Ministers have been accused of burying bad news by publishing dozens of announcements on the final day of Parliament this year – when many MPs have already left Westminster and public attention focussed on David Cameron’s EU renegotiation.
No fewer than 36 written statements were pushed out, with departments flooding the news wires with news on controversial issues such as the Muslim Brotherhood, the bedroom tax, cuts to green energy projects, fracking, police funding, expansion to the badger cull and a rise in the number of taxpayer-funded special advisers.
Labour accused the Government of deliberately trying to avoid proper scrutiny and hiding his broken promise to cut the cost of politics by releasing the raft of announcements on the final day of Parliament.
Here are just seven of the announcements that the Government tried to bury on Thursday:
1. Badger cull
Environment Secretary Liz Truss announced that the badger cull will be extended again to more areas of the country despite the success of vaccine trials that could make further killing unnecessary.
She said the scheme to kill the animals had been successful in meeting its targets in Gloucestershire, Somerset, and Dorset.
The expansion comes despite an independent analysis commissioned by the Government warned ministers last year that the policy was ineffective and inhumane.
2. Muslim Brotherhood
David Cameron finally published the long-awaited report into the Muslim Brotherhood organisation – a study that was completed in the summer but delayed after Saudi Arabia put pressure on the Government to ban the group.
Ministers have been accused of sitting on the report to avoid upsetting key allies in the Middle East.
The Prime Minister said in the report that members of the group should be considered as potential extremists but stopped short of banning the group as he set out the conclusions of the long-awaited government report on the organisation.
What does five more years of the Tories mean for Britain?
What does five more years of the Tories mean for Britain?
1/8 Welfare payments will be slashed
One of the most controversial parts of the Conservative manifesto was to cut benefits for the working age poor by £12 bn over the next three years. But during the campaign they only said where £2 bn of these savings would come from. That leaves £10 bn still to find. Some experts think the only way they can close that gap is by means testing child benefit – with millions of families losing out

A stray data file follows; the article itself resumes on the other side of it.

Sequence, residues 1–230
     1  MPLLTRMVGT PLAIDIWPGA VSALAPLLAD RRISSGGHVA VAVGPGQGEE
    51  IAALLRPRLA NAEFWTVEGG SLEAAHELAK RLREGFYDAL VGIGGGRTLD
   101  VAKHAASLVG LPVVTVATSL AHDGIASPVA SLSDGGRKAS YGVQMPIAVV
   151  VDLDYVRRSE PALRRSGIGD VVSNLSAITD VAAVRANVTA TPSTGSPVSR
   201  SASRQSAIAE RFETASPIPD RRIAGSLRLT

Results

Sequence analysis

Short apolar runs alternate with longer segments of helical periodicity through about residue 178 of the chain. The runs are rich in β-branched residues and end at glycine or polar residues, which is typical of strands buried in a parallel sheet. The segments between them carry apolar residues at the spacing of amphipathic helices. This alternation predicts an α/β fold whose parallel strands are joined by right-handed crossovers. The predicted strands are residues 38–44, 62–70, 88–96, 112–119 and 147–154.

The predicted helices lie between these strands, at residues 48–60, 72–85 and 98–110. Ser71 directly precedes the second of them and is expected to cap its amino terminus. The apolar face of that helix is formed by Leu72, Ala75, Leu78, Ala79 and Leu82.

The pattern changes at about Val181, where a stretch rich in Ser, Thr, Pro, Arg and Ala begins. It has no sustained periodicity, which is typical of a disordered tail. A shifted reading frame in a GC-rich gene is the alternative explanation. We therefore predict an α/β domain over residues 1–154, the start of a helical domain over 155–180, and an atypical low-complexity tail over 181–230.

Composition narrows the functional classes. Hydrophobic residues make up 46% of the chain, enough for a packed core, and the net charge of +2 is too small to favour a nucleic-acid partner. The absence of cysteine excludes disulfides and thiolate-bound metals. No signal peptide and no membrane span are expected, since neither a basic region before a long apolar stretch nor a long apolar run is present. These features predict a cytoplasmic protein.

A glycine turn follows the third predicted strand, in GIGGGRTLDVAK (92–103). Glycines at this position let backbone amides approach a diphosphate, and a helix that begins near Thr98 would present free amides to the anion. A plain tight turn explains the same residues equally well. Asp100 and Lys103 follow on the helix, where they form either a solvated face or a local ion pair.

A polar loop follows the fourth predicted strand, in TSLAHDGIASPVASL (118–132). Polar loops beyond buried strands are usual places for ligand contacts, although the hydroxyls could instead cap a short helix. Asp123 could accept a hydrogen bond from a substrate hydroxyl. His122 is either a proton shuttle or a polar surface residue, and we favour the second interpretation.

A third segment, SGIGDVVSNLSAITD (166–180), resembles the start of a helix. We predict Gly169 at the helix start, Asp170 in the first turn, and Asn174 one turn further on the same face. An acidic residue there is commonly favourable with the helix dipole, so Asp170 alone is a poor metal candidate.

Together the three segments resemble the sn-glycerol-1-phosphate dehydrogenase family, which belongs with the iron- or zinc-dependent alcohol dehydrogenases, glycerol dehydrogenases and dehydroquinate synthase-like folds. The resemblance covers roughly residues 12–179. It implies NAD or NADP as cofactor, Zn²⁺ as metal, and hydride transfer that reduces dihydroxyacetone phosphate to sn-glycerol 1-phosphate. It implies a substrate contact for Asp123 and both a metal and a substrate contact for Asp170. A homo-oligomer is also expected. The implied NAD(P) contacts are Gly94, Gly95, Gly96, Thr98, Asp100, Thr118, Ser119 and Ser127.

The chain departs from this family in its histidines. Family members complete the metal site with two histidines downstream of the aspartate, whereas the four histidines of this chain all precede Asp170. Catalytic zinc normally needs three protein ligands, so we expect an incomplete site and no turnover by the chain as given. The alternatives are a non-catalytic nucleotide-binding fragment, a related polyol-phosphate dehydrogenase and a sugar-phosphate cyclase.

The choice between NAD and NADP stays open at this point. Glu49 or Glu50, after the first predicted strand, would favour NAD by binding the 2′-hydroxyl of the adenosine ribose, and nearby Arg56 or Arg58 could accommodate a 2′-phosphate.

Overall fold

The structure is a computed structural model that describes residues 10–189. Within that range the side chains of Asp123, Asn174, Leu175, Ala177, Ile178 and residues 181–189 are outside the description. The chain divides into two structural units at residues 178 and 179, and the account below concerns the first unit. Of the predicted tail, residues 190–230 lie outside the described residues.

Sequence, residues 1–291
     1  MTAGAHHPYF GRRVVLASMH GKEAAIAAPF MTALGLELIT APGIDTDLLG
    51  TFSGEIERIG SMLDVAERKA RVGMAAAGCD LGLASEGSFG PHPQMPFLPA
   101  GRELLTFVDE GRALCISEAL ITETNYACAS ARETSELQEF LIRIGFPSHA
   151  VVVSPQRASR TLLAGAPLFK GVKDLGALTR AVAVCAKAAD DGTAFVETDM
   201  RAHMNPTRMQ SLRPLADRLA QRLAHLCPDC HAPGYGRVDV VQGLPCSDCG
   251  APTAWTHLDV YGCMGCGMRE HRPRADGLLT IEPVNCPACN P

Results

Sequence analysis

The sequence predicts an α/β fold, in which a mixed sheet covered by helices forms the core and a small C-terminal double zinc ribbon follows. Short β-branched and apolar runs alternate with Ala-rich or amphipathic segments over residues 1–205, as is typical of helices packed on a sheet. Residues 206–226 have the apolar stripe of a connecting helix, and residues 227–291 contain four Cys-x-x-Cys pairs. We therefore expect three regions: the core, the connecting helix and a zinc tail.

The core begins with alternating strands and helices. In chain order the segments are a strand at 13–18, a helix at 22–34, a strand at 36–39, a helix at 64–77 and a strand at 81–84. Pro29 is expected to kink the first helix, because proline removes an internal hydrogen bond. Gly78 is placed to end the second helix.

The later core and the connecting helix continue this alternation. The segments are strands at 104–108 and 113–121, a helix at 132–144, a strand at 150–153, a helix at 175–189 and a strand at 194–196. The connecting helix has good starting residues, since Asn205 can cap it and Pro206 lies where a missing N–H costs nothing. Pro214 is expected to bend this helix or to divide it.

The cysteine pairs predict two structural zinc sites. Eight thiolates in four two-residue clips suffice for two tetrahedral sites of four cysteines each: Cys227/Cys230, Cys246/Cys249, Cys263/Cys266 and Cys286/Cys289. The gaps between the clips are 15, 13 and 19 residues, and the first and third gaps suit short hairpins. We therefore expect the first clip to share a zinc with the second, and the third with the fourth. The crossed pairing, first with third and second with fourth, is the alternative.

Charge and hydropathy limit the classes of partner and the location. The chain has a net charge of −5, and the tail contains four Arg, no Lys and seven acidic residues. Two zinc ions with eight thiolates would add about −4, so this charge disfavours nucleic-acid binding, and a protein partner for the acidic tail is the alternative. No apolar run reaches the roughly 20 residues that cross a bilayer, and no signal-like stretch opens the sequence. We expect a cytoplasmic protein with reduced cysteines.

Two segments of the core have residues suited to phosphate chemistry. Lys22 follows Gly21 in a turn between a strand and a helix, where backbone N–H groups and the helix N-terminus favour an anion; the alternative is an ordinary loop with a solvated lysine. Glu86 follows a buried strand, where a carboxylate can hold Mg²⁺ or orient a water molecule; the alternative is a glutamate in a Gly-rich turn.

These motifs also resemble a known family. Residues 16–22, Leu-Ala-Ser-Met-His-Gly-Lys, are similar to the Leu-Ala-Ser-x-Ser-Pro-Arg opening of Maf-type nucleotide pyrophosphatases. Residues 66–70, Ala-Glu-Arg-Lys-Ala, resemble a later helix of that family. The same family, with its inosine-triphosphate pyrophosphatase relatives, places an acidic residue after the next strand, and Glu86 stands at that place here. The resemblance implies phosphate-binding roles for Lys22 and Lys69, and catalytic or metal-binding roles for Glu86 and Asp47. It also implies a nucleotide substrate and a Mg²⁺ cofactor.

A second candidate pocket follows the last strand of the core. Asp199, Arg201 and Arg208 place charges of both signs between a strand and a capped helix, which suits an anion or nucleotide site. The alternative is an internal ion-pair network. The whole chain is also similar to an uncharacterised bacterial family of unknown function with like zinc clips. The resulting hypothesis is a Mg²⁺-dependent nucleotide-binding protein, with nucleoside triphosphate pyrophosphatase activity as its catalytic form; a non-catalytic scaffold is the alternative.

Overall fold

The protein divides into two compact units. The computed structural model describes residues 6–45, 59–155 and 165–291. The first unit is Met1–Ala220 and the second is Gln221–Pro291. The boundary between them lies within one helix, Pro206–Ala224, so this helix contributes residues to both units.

2/8 There will be tax cuts for those in work and those who die
The Tories will increase the threshold at which the 40p rate of tax becomes payable to £50,000 by 2020. They haven’t said so but it is also likely that at some point in the next five years they will abolish that 45p rate of tax altogether for the highest earners. They also want to increase the effective inheritance tax threshold for married couples and civil partners to £1m
3/8 There will be an in/out EU referendum in 2017
The next two years are going to be dominated by the prospect of a referendum on Britain’s membership of the EU. First off David Cameron has the daunting task of negotiating a deal with other EU leaders an acceptable deal that he can sell to his party so he can go into the referendum campaigning for a ‘yes’ vote. This may be unachievable and it is possible that the Tories may end up arguing to leave. Opinion polls show Britain is divided on EU membership, one poll this year showed 51% said they would opt to leave compared to 49% who would vote to stay in
4/8 There will be more privatisation of the NHS
Having won the election the Tories now have a mandate to go further and faster reforming the NHS. In order to make cost savings there is likely to be greater private involvement in running services, while some smaller hospitals may lose services they currently provide like A&E and maternity units
5/8 There will be many more free schools – and traditional state schools will become a thing of the past
The Tories plans to create 500 new free schools and make 3,000 state schools become academies. They will also carry on reforming the Department of Education and remove more powers from local authorities over how schools are run
6/8 On shore wind farms will be a thing of the past and fracking will be the future